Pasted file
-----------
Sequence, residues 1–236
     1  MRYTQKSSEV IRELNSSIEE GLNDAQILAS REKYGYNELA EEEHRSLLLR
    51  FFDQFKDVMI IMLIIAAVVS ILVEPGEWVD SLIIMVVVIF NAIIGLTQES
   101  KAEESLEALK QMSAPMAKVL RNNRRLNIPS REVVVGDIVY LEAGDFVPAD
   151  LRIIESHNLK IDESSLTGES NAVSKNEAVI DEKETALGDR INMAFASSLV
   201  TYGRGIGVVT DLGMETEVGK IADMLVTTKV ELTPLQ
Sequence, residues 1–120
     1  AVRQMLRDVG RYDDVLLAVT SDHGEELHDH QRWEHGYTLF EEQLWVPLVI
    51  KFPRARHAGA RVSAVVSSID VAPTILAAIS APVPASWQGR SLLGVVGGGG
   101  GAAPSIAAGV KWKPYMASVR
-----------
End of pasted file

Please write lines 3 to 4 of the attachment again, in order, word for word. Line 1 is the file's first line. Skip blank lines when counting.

    51  FFDQFKDVMI IMLIIAAVVS ILVEPGEWVD SLIIMVVVIF NAIIGLTQES
   101  KAEESLEALK QMSAPMAKVL RNNRRLNIPS REVVVGDIVY LEAGDFVPAD